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Topic: New book and projects kit: An Arduino Workshop (Read 25718 times) previous topic - next topic


Apr 02, 2010, 07:39 pm Last Edit: Apr 03, 2010, 05:54 pm by JoePardue Reason: 1
An Arduino Workshop[/i]

Are you puzzled about the Arduino but
finding it difficult to get all the pieces in one place?

The Arduino, designed for the novice, has become so popular that there is now an embarrassment of riches when it comes to amount of information and hardware available. So much stuff is out there that some folks have trouble puzzling out what they need to just to get started.

This text, An Arduino Workshop, and the associated hardware projects kit bring all the pieces of the puzzle together in one place. The author, Joe Pardue, writes the monthly Smiley's Workshop series in Nuts&Volts magazine and is known for his breezy writing style and lucid illustrations that help folks understand complex technical topics.

With this text and parts kit you will learn to: - Blink 8 LEDs (Cylon Eyes) - Read a pushbutton and 8-bit DIP switch - Sense Voltage, Light, and Temperature - Make Music on a piezo element - Sense edges and gray levels - Optically isolate voltages - Fade LED with PWM - Control Motor Speed - And more?

Learn more at http://www.smileymicros.com

If you want to see the first three chapters, you can find them in the 'Excerpts of chapters 1, 2, and 3' hyperlink on http://www.smileymicros.com/index.php?module=pagemaster&PAGE_user_op=view_page&PAGE_id=82&MMN_position=136:136


P.S. I understand that some folks may find this spammy, but I started a thread at: http://www.arduino.cc/cgi-bin/yabb2/YaBB.pl?num=1269807740/11#11 to see if this was okay and didn't get an negatives.


Nice to see that people are still making "hardcopy" books!

It's nearly impossible to find them usually!  I mean, there's the "Making things talk", but that is the only one that comes to mind :P.


Well, there is Massimo Banzi's Getting Started with Arduino which I think is a great introductory book, and Oxer and Bleming Practical Arduino that has a bunch of more advanced projects. My book kind of falls in the middle of those two, but I also provide a kit of parts to go along with the text.

Frankly, one of the reasons that hard-copy books are becoming rarer in technology is that in general all the information is available for free on the Internet. But the trick is finding things in an orderly presentation with the hardware to go along with it. That's the niche for my book.



Ah yes, I had forgotten about Massimo's book! :P

I agree that it can be difficult to get organized data without falling head-first into the pool of advanced knowledge that is the internet ;D!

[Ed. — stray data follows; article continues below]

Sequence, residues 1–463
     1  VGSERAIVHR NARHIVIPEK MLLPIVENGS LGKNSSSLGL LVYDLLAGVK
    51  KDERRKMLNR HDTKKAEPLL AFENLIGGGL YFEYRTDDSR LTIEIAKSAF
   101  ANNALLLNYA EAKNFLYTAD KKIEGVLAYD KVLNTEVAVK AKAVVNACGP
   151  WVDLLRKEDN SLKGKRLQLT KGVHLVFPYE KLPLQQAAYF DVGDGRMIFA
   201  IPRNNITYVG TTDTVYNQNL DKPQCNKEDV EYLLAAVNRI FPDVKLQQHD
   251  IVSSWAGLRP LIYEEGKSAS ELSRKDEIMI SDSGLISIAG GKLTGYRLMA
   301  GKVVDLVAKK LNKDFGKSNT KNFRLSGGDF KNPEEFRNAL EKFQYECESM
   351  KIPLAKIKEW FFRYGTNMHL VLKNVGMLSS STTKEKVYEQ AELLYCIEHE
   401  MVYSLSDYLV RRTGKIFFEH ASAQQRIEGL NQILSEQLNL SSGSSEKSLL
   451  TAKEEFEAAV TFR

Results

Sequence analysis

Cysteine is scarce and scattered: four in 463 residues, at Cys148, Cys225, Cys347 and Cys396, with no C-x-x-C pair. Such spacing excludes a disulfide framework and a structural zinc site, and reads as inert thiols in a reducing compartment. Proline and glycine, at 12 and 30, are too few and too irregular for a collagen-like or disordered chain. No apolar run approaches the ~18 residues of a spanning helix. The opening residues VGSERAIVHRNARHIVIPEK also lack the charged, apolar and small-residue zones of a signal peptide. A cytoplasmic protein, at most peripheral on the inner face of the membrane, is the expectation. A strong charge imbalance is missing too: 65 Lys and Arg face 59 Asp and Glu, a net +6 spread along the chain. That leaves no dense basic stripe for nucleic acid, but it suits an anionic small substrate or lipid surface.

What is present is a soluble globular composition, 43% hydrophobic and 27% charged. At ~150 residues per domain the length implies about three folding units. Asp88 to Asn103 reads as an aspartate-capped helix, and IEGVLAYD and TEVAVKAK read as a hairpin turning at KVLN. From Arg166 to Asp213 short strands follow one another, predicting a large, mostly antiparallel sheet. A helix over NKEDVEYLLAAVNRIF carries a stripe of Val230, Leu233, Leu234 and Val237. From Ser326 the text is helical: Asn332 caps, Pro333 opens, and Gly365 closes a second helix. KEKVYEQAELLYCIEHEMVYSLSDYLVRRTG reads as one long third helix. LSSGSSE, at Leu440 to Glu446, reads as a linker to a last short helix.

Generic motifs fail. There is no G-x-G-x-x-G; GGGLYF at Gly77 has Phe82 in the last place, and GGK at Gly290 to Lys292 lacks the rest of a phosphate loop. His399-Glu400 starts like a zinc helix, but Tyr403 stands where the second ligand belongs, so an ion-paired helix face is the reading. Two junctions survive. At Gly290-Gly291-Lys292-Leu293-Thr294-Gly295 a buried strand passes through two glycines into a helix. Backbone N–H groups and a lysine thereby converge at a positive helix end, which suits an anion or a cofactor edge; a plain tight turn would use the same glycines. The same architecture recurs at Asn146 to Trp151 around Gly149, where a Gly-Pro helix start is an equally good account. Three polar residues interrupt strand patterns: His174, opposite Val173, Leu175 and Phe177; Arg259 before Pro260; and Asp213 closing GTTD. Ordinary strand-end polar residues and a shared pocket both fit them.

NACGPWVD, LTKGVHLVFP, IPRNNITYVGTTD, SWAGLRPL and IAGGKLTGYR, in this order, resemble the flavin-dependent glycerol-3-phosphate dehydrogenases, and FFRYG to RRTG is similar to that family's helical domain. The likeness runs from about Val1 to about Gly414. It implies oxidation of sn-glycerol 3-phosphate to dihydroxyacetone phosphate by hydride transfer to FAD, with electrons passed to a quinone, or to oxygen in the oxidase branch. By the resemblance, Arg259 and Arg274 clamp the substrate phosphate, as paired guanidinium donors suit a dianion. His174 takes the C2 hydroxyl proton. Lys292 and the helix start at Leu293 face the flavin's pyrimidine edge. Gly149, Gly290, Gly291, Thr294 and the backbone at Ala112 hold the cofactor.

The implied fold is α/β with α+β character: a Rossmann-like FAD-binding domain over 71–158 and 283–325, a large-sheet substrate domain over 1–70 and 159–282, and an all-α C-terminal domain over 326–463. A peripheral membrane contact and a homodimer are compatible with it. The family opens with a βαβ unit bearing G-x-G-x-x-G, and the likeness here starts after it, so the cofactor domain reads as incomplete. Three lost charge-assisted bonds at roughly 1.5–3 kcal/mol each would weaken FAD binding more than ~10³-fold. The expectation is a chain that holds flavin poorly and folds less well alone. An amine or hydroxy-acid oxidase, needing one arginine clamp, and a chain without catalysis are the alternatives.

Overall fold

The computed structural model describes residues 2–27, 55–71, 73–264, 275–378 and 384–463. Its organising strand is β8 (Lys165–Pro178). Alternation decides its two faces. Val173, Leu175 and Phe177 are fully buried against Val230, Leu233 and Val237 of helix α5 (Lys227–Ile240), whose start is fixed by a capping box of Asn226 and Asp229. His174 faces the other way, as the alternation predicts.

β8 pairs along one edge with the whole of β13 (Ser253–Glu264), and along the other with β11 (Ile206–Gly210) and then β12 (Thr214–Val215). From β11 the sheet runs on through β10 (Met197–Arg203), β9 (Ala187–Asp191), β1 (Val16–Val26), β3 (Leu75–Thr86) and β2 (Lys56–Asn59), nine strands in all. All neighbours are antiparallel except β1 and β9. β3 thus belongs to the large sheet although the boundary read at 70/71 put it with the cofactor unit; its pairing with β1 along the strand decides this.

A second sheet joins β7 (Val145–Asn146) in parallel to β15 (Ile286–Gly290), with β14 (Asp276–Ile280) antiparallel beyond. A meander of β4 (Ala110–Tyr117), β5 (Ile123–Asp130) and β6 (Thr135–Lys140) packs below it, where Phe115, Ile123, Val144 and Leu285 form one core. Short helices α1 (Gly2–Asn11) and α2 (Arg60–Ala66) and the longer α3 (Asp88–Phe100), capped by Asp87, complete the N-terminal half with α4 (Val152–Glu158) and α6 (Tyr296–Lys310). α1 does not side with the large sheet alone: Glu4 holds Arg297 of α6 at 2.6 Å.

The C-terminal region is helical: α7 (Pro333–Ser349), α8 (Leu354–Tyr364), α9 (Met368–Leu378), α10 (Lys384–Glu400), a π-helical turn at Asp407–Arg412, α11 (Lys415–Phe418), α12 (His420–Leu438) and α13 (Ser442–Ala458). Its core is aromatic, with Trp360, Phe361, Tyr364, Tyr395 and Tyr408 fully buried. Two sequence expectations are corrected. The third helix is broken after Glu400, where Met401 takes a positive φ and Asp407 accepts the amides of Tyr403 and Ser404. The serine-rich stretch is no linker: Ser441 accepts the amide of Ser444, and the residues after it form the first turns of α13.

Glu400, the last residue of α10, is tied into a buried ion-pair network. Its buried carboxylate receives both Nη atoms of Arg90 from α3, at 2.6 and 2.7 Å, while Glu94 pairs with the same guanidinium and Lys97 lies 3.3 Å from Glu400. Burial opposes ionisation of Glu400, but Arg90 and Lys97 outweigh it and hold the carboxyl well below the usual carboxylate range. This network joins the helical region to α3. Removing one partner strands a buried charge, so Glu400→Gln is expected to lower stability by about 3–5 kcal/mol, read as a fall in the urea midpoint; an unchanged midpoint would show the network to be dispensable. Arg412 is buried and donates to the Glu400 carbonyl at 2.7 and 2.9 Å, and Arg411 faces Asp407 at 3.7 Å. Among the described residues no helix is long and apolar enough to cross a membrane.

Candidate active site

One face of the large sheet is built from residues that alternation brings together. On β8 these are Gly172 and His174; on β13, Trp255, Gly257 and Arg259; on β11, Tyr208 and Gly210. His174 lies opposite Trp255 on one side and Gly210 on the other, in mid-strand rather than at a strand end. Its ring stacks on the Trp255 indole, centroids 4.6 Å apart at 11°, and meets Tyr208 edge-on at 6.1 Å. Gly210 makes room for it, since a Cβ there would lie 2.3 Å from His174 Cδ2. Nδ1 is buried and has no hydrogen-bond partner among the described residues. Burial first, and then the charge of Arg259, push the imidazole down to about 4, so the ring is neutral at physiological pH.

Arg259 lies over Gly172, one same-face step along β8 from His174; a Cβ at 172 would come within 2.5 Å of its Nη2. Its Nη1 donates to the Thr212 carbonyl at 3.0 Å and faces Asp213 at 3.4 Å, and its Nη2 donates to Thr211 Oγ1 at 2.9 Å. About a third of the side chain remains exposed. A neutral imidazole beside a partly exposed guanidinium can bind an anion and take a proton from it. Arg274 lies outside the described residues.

And let's not forget about 'Practical Arduino' from Jonathan Oxer and Hugh Blemings -- http://practicalarduino.com/about.   Available at most dead tree stores such as Amazon, B&N, Borders.


dead tree stores

Just read this article a little while ago about how it's actually worse to use electronic media (such as buying the kindle) rather than buying several books due to the materials required to create the device (gold, platinum, etc.), the energy it consumes, and the fact that it will eventually (relatively quickly) end up in a landfill (whereas paper can be recycled :)).

Just thought I'd add that little tidbit ;D!


Did you read that article on-line or in print?  ::)


Did you read that article on-line or in print?

On-line ;D.  The main point of the article was advising against buying things like the Kindle or that Sony eBook reader (don't know what it's called), rather than continuing to use an already established computer.


On-line .  The main point of the article was advising against buying things like the Kindle or that Sony eBook reader (don't know what it's called), rather than continuing to use an already established computer.

So newly released Apple ipad will help cause more globle warming  ;)



amazing, can't wait to start learning arduino!!!!! :D :D :D


Hi smiley,

how many pages are there in the book?


It's great to see this come out, Smiley! I think it hits at just the right level, pitched a bit beyond a pure beginner's guide so that it can help people get through the "what next?" hump after doing Blink and other basic things. I think the associated hardware pack will be super-popular, too, that's a great move. One of the things I keep being asked about is whether there's a pack to go with Practical Arduino so I'm sure yours will sell like hot-cakes.
Freetronics: www.freetronics.com


Aug 03, 2010, 08:11 pm Last Edit: Aug 03, 2010, 08:12 pm by radames Reason: 1
that's an amazing initiative!
I'm thinking in make something like that in Portuguese.
And how about the demand? Do you have already some stats?

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